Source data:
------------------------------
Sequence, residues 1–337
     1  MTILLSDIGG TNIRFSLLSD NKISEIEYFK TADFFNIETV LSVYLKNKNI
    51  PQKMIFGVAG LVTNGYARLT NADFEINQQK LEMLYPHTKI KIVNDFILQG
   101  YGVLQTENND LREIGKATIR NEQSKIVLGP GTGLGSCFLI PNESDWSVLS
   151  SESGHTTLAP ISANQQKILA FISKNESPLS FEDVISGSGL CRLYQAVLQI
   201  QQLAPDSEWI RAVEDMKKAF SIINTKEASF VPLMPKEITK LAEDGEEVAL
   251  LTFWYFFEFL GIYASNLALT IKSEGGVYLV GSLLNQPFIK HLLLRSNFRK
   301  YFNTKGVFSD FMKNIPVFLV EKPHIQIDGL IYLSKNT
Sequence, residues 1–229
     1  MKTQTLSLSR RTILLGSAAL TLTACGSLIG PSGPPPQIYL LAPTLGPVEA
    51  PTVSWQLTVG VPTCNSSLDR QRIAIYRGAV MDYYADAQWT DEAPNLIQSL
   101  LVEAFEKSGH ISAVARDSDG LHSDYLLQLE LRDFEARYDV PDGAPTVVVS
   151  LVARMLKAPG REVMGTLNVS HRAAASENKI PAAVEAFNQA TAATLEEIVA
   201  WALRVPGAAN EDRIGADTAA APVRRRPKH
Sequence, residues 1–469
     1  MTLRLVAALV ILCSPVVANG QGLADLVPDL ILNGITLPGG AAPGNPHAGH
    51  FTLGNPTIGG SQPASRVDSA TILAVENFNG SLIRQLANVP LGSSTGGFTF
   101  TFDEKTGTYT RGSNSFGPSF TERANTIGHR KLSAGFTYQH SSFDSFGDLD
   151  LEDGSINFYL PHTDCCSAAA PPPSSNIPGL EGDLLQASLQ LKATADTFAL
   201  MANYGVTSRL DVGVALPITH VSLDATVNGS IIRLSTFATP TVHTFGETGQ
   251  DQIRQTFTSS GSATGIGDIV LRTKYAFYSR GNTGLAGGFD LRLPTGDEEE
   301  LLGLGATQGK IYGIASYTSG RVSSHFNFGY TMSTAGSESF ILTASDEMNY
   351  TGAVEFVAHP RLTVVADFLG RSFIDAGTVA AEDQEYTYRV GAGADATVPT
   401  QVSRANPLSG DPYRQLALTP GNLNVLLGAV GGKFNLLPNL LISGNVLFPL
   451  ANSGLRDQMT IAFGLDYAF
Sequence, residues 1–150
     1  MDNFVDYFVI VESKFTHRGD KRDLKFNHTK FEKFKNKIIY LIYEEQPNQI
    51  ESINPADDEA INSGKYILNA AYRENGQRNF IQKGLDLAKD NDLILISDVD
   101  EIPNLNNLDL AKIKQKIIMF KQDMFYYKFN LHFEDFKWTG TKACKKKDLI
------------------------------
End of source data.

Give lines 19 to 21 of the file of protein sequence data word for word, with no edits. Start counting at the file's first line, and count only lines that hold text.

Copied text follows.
   151  LEDGSINFYL PHTDCCSAAA PPPSSNIPGL EGDLLQASLQ LKATADTFAL
   201  MANYGVTSRL DVGVALPITH VSLDATVNGS IIRLSTFATP TVHTFGETGQ
   251  DQIRQTFTSS GSATGIGDIV LRTKYAFYSR GNTGLAGGFD LRLPTGDEEE